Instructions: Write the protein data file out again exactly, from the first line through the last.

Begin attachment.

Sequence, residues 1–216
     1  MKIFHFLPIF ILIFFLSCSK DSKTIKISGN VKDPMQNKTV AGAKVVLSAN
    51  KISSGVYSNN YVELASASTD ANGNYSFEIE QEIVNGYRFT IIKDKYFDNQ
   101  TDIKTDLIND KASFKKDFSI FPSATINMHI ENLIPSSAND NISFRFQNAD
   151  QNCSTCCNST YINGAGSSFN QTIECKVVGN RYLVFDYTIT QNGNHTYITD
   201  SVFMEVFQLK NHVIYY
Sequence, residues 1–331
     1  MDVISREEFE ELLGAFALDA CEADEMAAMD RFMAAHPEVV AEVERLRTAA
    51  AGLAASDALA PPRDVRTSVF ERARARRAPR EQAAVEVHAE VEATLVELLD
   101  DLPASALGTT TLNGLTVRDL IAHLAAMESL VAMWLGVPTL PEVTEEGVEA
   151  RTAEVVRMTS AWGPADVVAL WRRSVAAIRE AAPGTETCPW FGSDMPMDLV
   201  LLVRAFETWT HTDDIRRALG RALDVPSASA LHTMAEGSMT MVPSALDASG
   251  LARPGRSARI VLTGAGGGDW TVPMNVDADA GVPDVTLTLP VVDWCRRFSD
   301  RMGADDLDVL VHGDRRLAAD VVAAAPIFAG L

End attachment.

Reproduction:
Sequence, residues 1–216
     1  MKIFHFLPIF ILIFFLSCSK DSKTIKISGN VKDPMQNKTV AGAKVVLSAN
    51  KISSGVYSNN YVELASASTD ANGNYSFEIE QEIVNGYRFT IIKDKYFDNQ
   101  TDIKTDLIND KASFKKDFSI FPSATINMHI ENLIPSSAND NISFRFQNAD
   151  QNCSTCCNST YINGAGSSFN QTIECKVVGN RYLVFDYTIT QNGNHTYITD
   201  SVFMEVFQLK NHVIYY
Sequence, residues 1–331
     1  MDVISREEFE ELLGAFALDA CEADEMAAMD RFMAAHPEVV AEVERLRTAA
    51  AGLAASDALA PPRDVRTSVF ERARARRAPR EQAAVEVHAE VEATLVELLD
   101  DLPASALGTT TLNGLTVRDL IAHLAAMESL VAMWLGVPTL PEVTEEGVEA
   151  RTAEVVRMTS AWGPADVVAL WRRSVAAIRE AAPGTETCPW FGSDMPMDLV
   201  LLVRAFETWT HTDDIRRALG RALDVPSASA LHTMAEGSMT MVPSALDASG
   251  LARPGRSARI VLTGAGGGDW TVPMNVDADA GVPDVTLTLP VVDWCRRFSD
   301  RMGADDLDVL VHGDRRLAAD VVAAAPIFAG L